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The self-taught Welsh artist and horticulturalist was the only person of his generation to be nationally recognised as both a painter and a plantsman and the Garden Museum exhibition will be the first museum show of Morris’ work in more than 30 years.

Cedric Morris: Artist Plantsman focuses on his paintings of flowers and plants and consists of 34 paintings, the majority of which are on loan from private collections and have never been seen in public before. Highlights include a painting of irises from Tate and a self-portrait from the National Portrait Gallery.

Mould’s exhibition, Morris: Beyond the Garden Wall An Exhibition of the Travel Paintings of Sir Cedric Lockwood Morris, focuses on his landscape works including those from his travels around Europe and north Africa. A proportion of these works will be for sale.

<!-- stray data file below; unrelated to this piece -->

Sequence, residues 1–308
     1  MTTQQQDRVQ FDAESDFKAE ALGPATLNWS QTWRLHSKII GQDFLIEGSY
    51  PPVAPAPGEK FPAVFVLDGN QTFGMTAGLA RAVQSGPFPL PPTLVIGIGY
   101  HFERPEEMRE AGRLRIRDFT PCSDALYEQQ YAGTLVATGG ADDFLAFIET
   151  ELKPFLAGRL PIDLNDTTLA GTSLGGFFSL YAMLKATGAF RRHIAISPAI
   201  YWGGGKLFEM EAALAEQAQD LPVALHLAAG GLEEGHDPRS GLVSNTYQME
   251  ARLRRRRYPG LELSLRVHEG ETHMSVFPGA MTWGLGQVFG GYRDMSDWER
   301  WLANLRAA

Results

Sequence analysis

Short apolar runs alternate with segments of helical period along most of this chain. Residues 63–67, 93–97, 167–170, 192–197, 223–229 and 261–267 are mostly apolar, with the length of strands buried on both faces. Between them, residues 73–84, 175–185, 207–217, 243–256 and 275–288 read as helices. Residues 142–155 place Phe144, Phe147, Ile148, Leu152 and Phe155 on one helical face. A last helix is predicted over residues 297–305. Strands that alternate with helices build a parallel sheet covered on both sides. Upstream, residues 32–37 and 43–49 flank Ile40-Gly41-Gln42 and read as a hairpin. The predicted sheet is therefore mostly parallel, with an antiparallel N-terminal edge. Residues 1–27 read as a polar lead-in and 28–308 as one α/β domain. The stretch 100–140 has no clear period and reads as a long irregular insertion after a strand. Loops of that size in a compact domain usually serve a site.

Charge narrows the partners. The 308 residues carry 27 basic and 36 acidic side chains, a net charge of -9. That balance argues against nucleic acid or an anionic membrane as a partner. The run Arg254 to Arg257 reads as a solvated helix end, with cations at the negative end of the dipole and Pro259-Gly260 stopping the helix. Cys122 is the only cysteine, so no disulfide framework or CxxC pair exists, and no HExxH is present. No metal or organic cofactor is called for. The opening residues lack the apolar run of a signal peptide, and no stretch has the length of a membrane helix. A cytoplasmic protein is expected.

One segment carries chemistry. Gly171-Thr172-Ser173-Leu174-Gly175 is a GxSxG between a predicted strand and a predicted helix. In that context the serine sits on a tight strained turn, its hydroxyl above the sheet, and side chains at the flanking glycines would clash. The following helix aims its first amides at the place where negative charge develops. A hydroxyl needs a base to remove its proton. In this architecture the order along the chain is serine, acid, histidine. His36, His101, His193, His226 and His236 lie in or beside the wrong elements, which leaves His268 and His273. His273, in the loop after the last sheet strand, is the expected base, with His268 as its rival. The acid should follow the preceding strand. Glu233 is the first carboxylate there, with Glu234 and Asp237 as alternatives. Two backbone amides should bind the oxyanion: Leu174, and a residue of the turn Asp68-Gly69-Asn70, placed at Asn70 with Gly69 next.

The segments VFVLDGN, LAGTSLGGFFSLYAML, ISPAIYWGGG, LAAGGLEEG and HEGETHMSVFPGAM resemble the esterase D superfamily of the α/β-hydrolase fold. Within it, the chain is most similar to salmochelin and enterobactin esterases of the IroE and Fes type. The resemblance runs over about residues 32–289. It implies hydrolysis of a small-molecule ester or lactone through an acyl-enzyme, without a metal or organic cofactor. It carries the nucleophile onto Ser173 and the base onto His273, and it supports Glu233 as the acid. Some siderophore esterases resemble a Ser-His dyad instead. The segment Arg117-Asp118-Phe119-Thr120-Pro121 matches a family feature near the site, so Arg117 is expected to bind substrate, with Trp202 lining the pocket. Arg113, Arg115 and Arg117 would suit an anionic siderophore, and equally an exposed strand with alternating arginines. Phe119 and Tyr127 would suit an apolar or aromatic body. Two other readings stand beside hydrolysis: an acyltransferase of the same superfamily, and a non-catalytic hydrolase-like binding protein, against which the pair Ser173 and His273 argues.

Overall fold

Both exhibitions run from April 18-July 22.

Garden Museum curator Andrew Lambirth said: “By daring to celebrate the profusion of natural beauty when the avant-garde practice was all for geometric perfection, Morris not only bucked the trend but also made images of timeless delight which delve deeply to the heart of creation.”

Demand for Morris’s works has increased in recent years and an auction record was set at Chichester’s Henry Adams in April 2017 with the sale of Wild Flowers at £130,000.

Morris founded the East Anglian School of Painting and Drawing in 1937 and was a mentor of artist Lucian Freud and friends with influential collector Peggy Guggenheim.

He died in 1982 and the inscription chosen for the headstone to his grave was the simple phrase ‘Artist Plantsman’.